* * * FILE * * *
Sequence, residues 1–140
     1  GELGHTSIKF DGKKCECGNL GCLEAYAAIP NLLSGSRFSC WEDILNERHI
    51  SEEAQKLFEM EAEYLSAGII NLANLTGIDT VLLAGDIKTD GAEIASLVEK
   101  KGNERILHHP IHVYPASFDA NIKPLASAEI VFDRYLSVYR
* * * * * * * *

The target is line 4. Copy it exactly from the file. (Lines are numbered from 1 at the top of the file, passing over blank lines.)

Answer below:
   101  KGNERILHHP IHVYPASFDA NIKPLASAEI VFDRYLSVYR